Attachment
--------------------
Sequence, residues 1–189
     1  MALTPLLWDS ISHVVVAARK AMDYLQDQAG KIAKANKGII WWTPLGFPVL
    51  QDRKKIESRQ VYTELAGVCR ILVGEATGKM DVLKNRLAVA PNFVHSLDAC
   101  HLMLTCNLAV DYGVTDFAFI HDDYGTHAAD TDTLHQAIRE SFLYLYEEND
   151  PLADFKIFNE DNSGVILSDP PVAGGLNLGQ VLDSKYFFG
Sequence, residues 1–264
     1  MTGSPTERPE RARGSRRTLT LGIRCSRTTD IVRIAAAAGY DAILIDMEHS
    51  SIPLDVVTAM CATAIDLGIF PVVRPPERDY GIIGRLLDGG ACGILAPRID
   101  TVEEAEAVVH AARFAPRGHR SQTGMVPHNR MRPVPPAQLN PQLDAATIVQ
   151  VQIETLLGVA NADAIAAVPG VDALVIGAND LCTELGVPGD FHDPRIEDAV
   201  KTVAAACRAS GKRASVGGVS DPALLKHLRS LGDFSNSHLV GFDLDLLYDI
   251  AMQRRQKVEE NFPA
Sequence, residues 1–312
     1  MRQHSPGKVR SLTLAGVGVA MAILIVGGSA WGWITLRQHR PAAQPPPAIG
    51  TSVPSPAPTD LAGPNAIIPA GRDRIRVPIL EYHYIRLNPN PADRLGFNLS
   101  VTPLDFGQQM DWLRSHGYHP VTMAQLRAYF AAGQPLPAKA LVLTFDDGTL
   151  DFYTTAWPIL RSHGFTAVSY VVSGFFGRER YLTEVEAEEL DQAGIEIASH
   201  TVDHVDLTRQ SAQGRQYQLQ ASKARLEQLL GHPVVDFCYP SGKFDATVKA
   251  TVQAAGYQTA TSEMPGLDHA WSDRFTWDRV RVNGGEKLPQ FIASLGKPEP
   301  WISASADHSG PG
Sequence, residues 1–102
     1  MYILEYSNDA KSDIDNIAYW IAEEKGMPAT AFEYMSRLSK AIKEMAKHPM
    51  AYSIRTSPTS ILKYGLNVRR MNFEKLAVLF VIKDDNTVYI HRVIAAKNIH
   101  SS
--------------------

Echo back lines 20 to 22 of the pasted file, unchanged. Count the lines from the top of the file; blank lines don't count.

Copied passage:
   301  WISASADHSG PG
Sequence, residues 1–102
     1  MYILEYSNDA KSDIDNIAYW IAEEKGMPAT AFEYMSRLSK AIKEMAKHPM